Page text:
In a Break with Dogma, Myelin Boosts Neuron Growth in Spinal Cord Injuries
The molecule inhibits adult axon regeneration, but appears to stimulate young neurons
Recovery after severe spinal cord injury is notoriously fraught, with permanent paralysis often the result. In recent years, researchers have increasingly turned to stem cell-based therapies as a potential method for repairing and replacing damaged nerve cells. They have struggled, however, to overcome numerous innate barriers, including myelin, a mixture of insulating proteins and lipids that helps speed impulses through adult nerve fibers but also inhibits neuronal growth.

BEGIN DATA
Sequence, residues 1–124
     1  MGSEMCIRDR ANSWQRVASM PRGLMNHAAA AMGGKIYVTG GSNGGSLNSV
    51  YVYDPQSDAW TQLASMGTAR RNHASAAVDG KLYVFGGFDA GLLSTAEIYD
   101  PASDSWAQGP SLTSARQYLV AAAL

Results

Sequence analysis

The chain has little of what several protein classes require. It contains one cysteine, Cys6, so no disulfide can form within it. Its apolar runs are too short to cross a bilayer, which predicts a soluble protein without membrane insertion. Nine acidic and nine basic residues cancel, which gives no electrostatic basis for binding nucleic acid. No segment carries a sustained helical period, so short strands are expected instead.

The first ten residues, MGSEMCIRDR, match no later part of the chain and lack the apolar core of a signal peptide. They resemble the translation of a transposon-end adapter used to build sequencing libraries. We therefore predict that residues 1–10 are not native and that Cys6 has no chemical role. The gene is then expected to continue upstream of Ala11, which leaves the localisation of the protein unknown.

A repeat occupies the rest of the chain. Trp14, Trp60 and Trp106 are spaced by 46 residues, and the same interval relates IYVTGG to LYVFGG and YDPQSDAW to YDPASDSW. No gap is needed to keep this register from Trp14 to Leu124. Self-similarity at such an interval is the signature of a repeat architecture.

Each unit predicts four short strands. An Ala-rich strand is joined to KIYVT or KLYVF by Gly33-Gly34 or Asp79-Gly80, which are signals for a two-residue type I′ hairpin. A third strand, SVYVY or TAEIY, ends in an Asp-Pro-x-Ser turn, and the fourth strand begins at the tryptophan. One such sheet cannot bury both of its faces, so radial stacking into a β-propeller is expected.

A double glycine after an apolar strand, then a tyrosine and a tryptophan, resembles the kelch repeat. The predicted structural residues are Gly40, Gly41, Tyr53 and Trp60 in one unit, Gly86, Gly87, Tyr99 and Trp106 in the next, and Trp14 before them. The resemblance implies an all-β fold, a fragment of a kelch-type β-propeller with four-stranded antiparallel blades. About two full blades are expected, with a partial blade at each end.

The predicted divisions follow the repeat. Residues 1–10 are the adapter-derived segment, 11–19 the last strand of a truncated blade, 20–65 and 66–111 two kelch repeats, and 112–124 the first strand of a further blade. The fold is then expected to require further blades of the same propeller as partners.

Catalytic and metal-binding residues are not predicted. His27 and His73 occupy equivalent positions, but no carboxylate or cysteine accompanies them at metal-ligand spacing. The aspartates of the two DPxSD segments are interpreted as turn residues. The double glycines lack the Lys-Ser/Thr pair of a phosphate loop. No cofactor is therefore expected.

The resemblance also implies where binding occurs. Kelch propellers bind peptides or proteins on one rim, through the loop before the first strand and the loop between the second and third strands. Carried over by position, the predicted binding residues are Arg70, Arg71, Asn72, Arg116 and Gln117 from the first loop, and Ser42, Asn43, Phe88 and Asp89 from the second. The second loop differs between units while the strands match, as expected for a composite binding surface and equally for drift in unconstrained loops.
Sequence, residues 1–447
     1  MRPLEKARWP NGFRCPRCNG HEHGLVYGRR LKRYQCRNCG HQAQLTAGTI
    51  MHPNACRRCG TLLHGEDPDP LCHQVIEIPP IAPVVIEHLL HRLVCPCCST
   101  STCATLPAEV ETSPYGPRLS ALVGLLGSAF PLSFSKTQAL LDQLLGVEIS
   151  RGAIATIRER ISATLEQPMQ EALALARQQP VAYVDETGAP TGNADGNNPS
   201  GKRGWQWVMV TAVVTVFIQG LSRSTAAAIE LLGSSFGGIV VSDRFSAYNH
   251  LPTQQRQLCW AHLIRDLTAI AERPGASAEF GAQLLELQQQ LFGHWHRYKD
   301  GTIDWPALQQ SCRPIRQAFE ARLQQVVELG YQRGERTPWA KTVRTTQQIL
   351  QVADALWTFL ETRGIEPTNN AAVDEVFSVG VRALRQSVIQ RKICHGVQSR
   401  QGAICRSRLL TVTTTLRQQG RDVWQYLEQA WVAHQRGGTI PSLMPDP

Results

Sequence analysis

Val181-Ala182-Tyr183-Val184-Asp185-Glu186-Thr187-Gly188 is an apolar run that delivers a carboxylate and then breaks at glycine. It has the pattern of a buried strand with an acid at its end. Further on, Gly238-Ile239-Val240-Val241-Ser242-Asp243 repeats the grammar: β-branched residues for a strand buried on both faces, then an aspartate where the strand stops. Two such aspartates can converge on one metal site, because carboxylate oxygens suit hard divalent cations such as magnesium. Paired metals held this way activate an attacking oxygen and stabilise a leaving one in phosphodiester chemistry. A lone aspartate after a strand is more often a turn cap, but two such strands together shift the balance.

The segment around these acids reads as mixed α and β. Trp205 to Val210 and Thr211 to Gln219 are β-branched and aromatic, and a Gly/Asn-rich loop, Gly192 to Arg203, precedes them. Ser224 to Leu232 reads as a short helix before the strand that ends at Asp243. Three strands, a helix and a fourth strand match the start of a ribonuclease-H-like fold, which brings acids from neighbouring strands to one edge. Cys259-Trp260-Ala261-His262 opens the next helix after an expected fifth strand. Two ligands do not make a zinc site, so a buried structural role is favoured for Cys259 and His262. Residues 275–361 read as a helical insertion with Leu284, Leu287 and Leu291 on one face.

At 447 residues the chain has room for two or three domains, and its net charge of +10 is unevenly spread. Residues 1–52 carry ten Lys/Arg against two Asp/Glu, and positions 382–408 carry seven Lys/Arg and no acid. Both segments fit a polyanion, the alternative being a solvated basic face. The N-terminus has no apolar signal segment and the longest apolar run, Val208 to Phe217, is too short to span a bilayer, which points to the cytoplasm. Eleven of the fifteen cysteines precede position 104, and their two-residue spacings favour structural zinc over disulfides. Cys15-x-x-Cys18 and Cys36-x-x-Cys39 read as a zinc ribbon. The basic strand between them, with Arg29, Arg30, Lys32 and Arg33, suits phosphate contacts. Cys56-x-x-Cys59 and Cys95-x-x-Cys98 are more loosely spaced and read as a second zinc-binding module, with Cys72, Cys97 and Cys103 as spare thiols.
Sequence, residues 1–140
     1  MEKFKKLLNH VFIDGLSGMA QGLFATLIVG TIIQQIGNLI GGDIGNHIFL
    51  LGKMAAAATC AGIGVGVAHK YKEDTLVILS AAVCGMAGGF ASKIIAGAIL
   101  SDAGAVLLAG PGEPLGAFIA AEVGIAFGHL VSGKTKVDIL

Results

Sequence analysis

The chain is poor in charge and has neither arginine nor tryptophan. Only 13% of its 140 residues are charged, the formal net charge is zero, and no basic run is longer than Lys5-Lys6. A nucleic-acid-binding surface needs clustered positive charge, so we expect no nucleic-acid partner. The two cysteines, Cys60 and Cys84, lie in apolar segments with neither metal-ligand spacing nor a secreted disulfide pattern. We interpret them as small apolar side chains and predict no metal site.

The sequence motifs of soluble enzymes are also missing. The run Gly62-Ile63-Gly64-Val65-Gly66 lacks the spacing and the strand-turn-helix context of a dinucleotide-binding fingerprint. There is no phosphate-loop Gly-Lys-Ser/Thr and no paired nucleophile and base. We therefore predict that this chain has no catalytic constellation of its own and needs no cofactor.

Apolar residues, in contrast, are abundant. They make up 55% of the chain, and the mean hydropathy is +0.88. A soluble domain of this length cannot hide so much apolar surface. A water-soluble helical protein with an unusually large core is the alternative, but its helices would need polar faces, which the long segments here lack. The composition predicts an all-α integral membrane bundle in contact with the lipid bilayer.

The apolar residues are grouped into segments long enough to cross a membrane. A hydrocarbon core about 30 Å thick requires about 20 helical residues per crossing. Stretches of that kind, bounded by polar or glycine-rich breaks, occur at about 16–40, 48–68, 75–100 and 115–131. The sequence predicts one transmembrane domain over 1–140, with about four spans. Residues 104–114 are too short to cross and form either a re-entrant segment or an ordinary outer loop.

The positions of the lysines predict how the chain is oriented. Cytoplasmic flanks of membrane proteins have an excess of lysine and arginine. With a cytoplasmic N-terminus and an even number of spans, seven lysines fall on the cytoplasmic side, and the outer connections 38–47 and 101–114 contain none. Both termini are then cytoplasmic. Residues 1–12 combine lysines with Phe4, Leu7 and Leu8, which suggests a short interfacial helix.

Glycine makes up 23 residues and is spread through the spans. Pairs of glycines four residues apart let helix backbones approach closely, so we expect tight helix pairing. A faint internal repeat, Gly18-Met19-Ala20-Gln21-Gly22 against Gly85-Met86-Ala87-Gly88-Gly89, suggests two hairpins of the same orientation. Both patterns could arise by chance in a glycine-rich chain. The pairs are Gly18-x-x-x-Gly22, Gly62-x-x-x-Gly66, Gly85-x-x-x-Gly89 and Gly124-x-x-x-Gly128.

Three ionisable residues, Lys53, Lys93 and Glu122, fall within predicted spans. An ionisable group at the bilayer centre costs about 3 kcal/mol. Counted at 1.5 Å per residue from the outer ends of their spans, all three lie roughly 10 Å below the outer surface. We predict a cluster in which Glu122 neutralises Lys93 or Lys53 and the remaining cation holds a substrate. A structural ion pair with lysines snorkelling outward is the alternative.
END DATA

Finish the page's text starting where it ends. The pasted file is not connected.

But in a new paper, researchers at University of California San Diego School of Medicine report that adult rat myelin actually stimulated axonal outgrowth in rat neural precursor cells (NPCs) and human induced pluripotent (iPSC)-derived neural stem cells (NSCs).
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INS 14th World Congress
May 25-30, 2019; Sydney
12th Annual Cervical Spine Research Society Hands-on Cadaver Course
May 30-June 1, 2019; St. Louis
Brain Tumor Biotech Summit
June 7, 2019; New York
Minimally Invasive Cranial Neurosurgery: Recent Technical Advances With Hands-On Laboratory
June 7-8, 2019; New York
The 25th Annual Meeting of the Organization for Human Brain Mapping (OHBM 2019)
June 9-13, 2019; Rome